All too often, indigenous sheep and goat breeds are regarded as inferior to their commercial counterparts. By rights, they should be regarded as national assets.
A fat-tail sheep named after the Damara region in Namibia where the commercialisation and characterisation of the breed started at the Omatjenne Research Station in the late 1950s. The tail is long and straight and tapered towards the tip.
The short, woolly undercoat grows in winter and is shed in summer. Rams have prominent, outward-curling horns; females have smaller horns or they can be polled. The breed enjoys commercial status.
This long-legged breed has a smooth, white- haired coat with a black or red head. Both rams and ewes have horns. The tail is long with a typical curve.
The breed is deemed ‘vulnerable’ and is therefore part of a research and conservation programme.
The largest flock in the country is maintained by the Grootfontein Agricultural Development Institute’s Biological Reserve for Smallstock.
The Zulu Sheep is native to South Africa and found mainly amongst rural farmers in KwaZulu-Natal. It belongs to the Nguni type of sheep and is predominantly dark brown.
The breed is well adapted to the warm humid environment of KZN. It has a fat tail that may or may not have a curl in it. Zulu Sheep rams are mostly polled, but small stumpy horns do occur.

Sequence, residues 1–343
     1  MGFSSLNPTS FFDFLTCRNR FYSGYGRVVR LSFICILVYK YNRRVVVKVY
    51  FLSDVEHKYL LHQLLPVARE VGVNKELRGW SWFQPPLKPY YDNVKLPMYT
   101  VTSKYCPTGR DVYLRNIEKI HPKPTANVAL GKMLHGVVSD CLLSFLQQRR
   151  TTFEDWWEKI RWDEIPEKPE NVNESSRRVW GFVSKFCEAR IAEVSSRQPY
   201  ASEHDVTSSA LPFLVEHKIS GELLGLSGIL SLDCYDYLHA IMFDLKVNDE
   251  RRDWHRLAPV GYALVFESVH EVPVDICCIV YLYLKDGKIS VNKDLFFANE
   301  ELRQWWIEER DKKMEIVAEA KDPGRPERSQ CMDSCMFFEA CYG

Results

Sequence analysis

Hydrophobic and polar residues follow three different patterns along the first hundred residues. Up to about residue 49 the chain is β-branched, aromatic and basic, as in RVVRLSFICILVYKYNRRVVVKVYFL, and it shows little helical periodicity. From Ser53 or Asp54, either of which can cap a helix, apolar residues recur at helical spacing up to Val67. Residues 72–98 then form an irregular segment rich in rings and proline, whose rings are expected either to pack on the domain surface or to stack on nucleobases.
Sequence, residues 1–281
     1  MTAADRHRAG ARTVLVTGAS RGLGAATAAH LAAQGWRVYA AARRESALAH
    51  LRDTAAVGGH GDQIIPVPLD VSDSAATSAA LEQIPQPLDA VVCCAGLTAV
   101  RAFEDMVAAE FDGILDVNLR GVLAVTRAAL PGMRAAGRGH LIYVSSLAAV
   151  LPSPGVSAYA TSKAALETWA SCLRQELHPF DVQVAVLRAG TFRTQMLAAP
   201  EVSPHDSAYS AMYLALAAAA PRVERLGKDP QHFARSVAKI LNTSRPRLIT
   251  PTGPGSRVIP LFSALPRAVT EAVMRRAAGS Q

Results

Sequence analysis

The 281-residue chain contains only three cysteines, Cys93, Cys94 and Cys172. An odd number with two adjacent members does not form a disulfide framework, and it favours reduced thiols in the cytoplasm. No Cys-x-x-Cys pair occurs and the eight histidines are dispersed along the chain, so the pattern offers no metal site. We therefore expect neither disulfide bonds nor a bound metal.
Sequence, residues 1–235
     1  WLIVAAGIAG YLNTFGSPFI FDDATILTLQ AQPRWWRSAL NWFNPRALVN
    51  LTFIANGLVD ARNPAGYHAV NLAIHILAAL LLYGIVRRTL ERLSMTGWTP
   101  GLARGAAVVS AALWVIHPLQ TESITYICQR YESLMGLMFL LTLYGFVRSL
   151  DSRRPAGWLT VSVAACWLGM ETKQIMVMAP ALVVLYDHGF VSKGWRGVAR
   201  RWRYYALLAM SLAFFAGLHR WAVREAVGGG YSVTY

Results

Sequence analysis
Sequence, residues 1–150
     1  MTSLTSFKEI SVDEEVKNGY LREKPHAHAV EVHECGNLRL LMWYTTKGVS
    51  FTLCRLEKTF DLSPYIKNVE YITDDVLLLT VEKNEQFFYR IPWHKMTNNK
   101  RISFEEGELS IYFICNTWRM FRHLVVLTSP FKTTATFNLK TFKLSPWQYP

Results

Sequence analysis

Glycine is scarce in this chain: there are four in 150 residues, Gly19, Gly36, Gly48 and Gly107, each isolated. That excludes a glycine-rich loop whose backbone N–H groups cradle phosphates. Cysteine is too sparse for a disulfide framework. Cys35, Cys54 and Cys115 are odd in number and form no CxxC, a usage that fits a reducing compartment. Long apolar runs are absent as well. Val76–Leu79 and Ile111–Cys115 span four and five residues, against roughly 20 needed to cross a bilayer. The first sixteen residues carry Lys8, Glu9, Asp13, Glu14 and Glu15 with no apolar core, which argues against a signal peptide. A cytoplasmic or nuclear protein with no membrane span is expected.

A distinguishing characteristic is small ‘mouse ears’ or even no ears at all. Normal ears also occur. The breed’s status is ‘endangered’ and the Zulu is part of a research and conservation programme involving the Farm Animal Genetic Resources Directorate of the department of agriculture and the ARC-API.
A Nguni-type sheep native to South Africa. This is a fat-tailed breed with a predominantly white, brown and red coat of hair. The tail is broad at the base and tapered towards the tip. Bucks and does are both polled. The BaPedi enjoys commercial status and is also part of an ARC-API research programme.
This improved goat breed originated from selective breeding practices over the course of almost a century. It has a red head with white body and long, pendulous ears. The breed has a high growth rate and excellent carcass qualities, making it one of the most popular meat goats in the world.
Kalahari Red Goat
Very similar in conformation and size to the Boer goat, but has a full red coat. Enjoys commercial status.
Savannah White Goat
Similar to the Kalahari Red and Boer in conformation and size, the Savannah was developed under unfavorable environmental conditions to allow for adaptation. Enjoys commercial status.
SA indigenous veld goats
These are grouped according to the following eco-types:
- Nguni type (Mbuzi): A small-framed goat with pointed ears. Both bucks and does have horns. Various colour varieties occur.
- Northern Cape speckled goat: A large-framed goat, well-muscled with a speckled coat and ears that hang. Both rams and ewes have horns.
- Eastern Cape lob-ear goat: A large-framed, well-muscled goat with lob ears. Both rams and ewes have horns.
All three eco-types enjoy commercial status among commercial and pastoral breeders. They have the ability to live on almost every type of plant material and survive under extremely unfavorable conditions.
To learn more about indigenous sheep and goat breeds phone Leon Kruger (ARC-API) at 012 672 9169 or email him at [email protected].